(Reprinted with permission from the journal Church History, written by David Brakke.)
Rare is the book on “gnosticism” that is thoroughly grounded in the primary sources in the ancient languages, widely conversant with the secondary literature, controlled and sophisticated in its historical method—and still intelligible and interesting, not only for experts in its field, but also for religious historians and educated readers in general. Michael Williams’s Rethinking “Gnosticism”: An Argument for Dismantling a Dubious Category is such a book. It is essential reading for scholars of ancient Christianity and for anyone who wishes to use the terms “gnostic” and “gnosticism,” but it can be read with profit by all historians concerned with issues of methodology in studying religious people of the past.
Williams presents a devastating critique of the scholarly construct “gnosticism,” a term apparently invented in the seventeenth century and in search of an adequate referent or definition ever since. The author first mentions four persons or documents that scholars usually have called gnostic—the Apocryphon of John, Ptolemy the Valentinian, Justin’s Baruch, and Marcion of Sinope. Williams then exposes the problems with the current modes of defining gnosticism and proposes that the category be abandoned in favor of both more particular traditional or sociohistorical designations such as “Valentinianism” and a broader category, “biblical demiurgical traditions.” The latter would include “all those that ascribe the creation and management of the cosmos to some lower entity or entities, distinct from the highest God,” as they “also incorporate or adapt traditions from Jewish or Christian Scripture.” This category “would include a large percentage of the sources that today are usually called “‘gnostic.’”
With detailed but clear analyses of the ancient writings, Williams persuasively makes the following claims. Gnostic biblical interpretation was neither “protest exegesis” nor a thoroughgoing reversal of biblical values, but a series of attempts—similar to other such among the ancients—to solve problems in the biblical text (such as disturbing actions by God). The gnostics were not alien parasites feeding off vibrant, independent religions, but dynamic and intelligent innovators within their traditions. They were most likely not rejecting the world out of some anticosmic attitude but attempting to reduce the tension between their biblical traditions and the surrounding Platonizing culture. Gnostic writings exhibit a range of attitudes toward the body that cannot be reduced to “hatred.” Far from exhibiting the extremes of either asceticism or libertinism, gnostic ethics conformed to the general ascetic tendencies of the day, but also made room for the concept of the family.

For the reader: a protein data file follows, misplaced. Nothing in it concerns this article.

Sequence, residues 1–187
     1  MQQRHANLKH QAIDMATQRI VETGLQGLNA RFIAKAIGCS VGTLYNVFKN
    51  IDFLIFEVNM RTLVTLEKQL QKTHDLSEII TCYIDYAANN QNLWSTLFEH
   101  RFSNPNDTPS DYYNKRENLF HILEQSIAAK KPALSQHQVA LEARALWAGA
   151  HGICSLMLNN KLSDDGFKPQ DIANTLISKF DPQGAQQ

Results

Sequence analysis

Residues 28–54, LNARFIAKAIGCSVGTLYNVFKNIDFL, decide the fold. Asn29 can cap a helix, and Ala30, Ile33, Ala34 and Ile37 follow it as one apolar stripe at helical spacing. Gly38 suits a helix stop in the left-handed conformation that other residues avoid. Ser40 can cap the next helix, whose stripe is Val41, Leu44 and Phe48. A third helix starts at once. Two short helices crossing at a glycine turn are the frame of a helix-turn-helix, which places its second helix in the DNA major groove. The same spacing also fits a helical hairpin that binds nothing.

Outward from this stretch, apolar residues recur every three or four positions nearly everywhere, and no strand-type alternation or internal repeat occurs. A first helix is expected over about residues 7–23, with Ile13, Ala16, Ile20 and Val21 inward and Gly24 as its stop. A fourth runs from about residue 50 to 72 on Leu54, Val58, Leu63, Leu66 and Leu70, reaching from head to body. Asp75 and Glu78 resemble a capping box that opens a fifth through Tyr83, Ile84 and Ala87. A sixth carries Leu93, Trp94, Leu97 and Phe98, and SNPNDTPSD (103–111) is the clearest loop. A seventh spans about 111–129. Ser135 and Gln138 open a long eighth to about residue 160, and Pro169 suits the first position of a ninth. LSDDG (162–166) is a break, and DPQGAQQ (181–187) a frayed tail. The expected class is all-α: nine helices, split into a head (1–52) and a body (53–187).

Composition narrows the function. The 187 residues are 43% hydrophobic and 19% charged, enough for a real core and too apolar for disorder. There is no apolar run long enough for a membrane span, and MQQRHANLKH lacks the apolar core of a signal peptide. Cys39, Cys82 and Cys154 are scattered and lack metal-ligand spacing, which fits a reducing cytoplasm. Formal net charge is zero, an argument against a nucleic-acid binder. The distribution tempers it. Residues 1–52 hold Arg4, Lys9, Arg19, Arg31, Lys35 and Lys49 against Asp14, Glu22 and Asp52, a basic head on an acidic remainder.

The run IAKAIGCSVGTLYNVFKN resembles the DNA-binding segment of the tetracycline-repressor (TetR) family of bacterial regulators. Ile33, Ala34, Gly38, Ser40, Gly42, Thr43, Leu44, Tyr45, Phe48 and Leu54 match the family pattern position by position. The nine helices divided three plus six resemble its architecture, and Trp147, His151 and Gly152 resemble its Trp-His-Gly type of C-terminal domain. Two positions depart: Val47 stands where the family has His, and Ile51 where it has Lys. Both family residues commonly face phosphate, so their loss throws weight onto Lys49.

Williams examines theories surrounding the production and ancient use of the Nag Hammadi codices. He considers it most likely that the scribes were fourth-century Egyptian monks interested in demiurgical and cosmic speculation and in the transcendence of the soul, and he offers possible rationales for the selection and arrangement of the treatises in each codex. The needs and concerns of these later compilers, however, must not be confused with those of the original authors.
Throughout the book Williams cogently shows the variety of perspectives within gnostic literature and their moderate—rather than radical—character within their late ancient milieu. He also makes judicious and fruitful use of sociological models for religious movements developed by Rodney Stark, his colleague at the University of Washington, and William Sims Bainbridge.
It is refreshing to find a scholar studying these materials in a manner that would appear familiar and illuminating, rather than strange and irrelevant, to scholars of other phases of Christian history or of other religions entirely.